Taylor Body Shapes Explained

So, you want to buy a Taylor Guitar but you don’t understand the difference between the body shapes!

Fortunately, it’s very easy to decode their naming system for their guitars, and their 5 body shapes are all easily defined and identified.

Introduction

Taylor were one of the first acoustic guitar manufacturers to utilise modern techniques that are now industry standard, including computer-controlled mills, laser cutting and other high-tech tools. Renowned for their wonderful playing action and sweet, bell-like tones, Taylor guitars are a favourite among countless international players.

With this excellent reputation for innovation and quality comes a diverse range of instruments to choose from. If you're considering purchasing a Taylor, it can be difficult to know where to start. Luckily, Taylor have made it relatively easy to understand! As daunting as their huge range may be, choosing your Taylor acoustic is an informative, intuitive process. Read on for the full lowdown!

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The Tone Equation

Taylor firmly believe in what they call The Tone Equation when it comes to finding the right guitar. It’s an important formula for guitar buyers, and it looks like this:

Body Shape + Woods + Player = Tone

These 3 ingredients will determine the sound that a player gets out of a guitar, and in order to find the right guitar, you have to dissect the formula to find your perfect match.

  • Body Shape - Taylor have 5 different body shapes that all have different personalities and physical feel. However, even though they’re all quite different tonally, they all retain that Taylor character. This means clear, balanced tone with great playability.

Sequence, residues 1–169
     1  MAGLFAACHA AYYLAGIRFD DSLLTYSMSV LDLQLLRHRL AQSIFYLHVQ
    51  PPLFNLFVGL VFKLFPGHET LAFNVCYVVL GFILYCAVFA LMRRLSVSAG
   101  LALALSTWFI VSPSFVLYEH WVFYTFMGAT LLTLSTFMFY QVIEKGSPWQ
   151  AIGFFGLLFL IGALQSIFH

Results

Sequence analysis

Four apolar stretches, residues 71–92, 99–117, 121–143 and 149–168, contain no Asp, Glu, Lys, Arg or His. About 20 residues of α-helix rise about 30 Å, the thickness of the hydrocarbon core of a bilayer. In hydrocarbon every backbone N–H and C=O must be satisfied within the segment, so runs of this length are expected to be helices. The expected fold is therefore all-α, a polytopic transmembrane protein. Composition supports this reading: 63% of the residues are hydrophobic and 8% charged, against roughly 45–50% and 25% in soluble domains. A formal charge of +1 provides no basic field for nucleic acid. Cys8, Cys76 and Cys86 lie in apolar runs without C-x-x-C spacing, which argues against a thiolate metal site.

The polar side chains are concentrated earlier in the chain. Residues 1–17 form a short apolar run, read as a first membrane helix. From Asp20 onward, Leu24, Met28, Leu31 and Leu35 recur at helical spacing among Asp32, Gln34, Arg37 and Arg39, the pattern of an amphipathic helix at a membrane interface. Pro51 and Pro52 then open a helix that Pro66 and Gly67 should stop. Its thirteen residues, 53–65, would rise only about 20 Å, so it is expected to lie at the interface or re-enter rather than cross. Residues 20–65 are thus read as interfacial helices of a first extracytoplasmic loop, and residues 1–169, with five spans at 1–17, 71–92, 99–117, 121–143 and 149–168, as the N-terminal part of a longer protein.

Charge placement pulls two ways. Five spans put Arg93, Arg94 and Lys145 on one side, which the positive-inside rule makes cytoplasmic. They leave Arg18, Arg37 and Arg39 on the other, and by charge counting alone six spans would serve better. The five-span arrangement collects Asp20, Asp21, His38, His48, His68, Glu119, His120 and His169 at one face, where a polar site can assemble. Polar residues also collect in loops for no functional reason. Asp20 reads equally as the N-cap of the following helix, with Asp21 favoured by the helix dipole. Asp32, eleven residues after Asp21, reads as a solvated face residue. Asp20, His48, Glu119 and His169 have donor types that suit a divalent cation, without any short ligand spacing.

• Woods - The tonewoods are vital in adding flavour to the body shape in question. The wood combinations will contribute to the overall sound of the guitar and can be likened to changing to bass, midrange and treble settings on a stereo system. Once you have chosen a body shape, the tonewood will then define the sound of that guitar.
  • The Player - The final and most important part of the tone equation. How a particular guitarist plays can be a major factor in determining which body shape to go for. A gentle fingerstyle player would be more suited to a small body shape, because less energy is required to get sound out of the smaller body. A bigger bodied guitar would be more suited to a strummer with a heavy right-hand technique. Every guitarist plays differently and it’s important to match the guitar to your playing style, rather than changing your style to suit a body shape/tonewood.
  • The Shapes

Grand Auditorium

Grand Auditorium model numbers end in 4 - for example, 814ce, 314e etc.

The Grand Auditorium is known as the ‘Jack Of All Trades’ for Taylor. Its popularity is due to its ability to suit a wide variety of players. In fact, it will suit every player from strummers to fingerstyle players to flatpickers. It has a full bass sound with articulate mid-range and sparkling top-end so you can really get a lot out of the guitar, no matter your style.

The Auditorium is also comfortable to play because it’s not too big either. It would be the ideal choice for anyone after a multi-purpose acoustic guitar.